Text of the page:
PacifiCorp currently plans to convert the coal-fired Naughton Unit 3 (330 MW) in Wyoming to a natural gas-fueled unit in 2018 and plans to retire the coal-fired Carbon Units 1 and 2 (172 MW) in Utah in April 2015.
The retirement of the Carbon plant in April 2015 is the least-cost alternative to comply with the federal Mercury and Air Toxics Standards (MATS) and other environmental regulations, PacifiCorp noted in its March 2 annual Form 10-K report. Efforts are underway to effectuate the decommissioning activities and transmission system modifications necessary to maintain system reliability following disconnection. Carbon produced 1.3 million MWh of electricity, or 2.1% of PacifiCorp’s owned generation production, during 2014.
In the meantime, the state of Utah issued a regional haze state implementation plan (SIP) requiring the installation of sulfur dioxide, nitrogen oxides and particulate matter controls on Hunter Units 1-2 and Huntington Units 1-2, covering the other PacifiCorp coal plants in Utah. In December 2012, the EPA approved the sulfur dioxide portion of the Utah regional haze SIP and disapproved the nitrogen oxides and particulate matter portions. Certain groups appealed the EPA’s approval of the sulfur dioxide portion and oral argument was heard before the U.S. Court of Appeals for the Tenth Circuit in March 2014.
In October 2014, the Tenth Circuit upheld the EPA’s approval of the sulfur dioxide portion of the SIP. The state of Utah and PacifiCorp filed petitions for administrative and judicial review of the EPA’s final rule on the best available retrofit technology (BART) determinations for the nitrogen oxides and particulate matter portions of Utah’s regional haze SIP in March 2013. Oral argument was held before the Tenth Circuit in March 2014. In May 2014, the Tenth Circuit dismissed the petition on jurisdictional grounds.
In addition, and separate from the EPA’s approval process and related litigation, the Utah Division of Air Quality has undertaken an additional BART analysis for Hunter Units 1 and 2, and Huntington Units 1 and 2, for which the public comment period closed in December 2014. The additional analysis will be provided to the EPA as a supplement to the existing Utah SIP once the Utah Division of Air Quality responds to the public comments. It is unknown whether and how this supplemental analysis will impact the EPA’s decision regarding the Utah SIP, the utility company said.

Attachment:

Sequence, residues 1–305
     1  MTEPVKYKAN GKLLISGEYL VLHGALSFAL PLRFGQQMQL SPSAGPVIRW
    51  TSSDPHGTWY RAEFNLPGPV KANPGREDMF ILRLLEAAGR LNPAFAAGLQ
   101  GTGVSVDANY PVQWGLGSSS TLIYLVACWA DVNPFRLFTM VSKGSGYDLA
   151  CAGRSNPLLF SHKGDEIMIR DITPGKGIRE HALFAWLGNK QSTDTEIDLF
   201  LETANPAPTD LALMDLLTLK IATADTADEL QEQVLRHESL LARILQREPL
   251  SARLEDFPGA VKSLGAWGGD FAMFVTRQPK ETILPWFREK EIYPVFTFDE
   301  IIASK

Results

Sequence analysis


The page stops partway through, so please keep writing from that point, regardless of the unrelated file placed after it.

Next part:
Wyoming haze situation also going through its own legal issues
The state of Wyoming issued two regional haze SIPs requiring the installation of sulfur dioxide, nitrogen oxides and particulate matter controls on certain PacifiCorp coal facilities in Wyoming. The EPA approved the sulfur dioxide SIP in December 2012. Certain groups have appealed the EPA’s approval of the sulfur dioxide SIP, and PacifiCorp has intervened in that appeal. Oral argument was held before the Tenth Circuit in March 2014. In October 2014, the Tenth Circuit upheld the EPA’s approval of the sulfur dioxide portion of the SIP.
In addition, the EPA initially proposed in June 2012 to disapprove portions of the nitrogen oxides and particulate matter SIP and instead issue a federal implementation plan (“FIP”). The EPA withdrew its initial proposed actions on the nitrogen oxides and particulate matter SIP and the proposed FIP, published a re-proposed rule in June 2013, and finalized its determination in January 2014, which aligns more closely with the SIP proposed by the state of Wyoming.
The EPA’s final action on the Wyoming SIP approved the state’s plan to have PacifiCorp install low-NOx burners at Naughton Units 1 and 2, selective catalytic reduction (SCR) controls at Naughton Unit 3 by December 2014, SCR controls at Jim Bridger Units 1 through 4 between 2015 and 2022, and low-NOx burners at Dave Johnston Unit 4. The EPA disapproved the Wyoming SIP and issued a federal implementation plan (FIP) for Dave Johnston Unit 3, where it required the installation of SCR controls by 2019 or, in lieu of installing SCR controls, a commitment to shut down Dave Johnston Unit 3 by 2027, its currently approved depreciable life. The EPA also disapproved the Wyoming SIP and issued a FIP for the Wyodak coal-fueled generating facility, requiring the installation of SCR controls within five years (by 2019). The EPA action became final on March 3, 2014.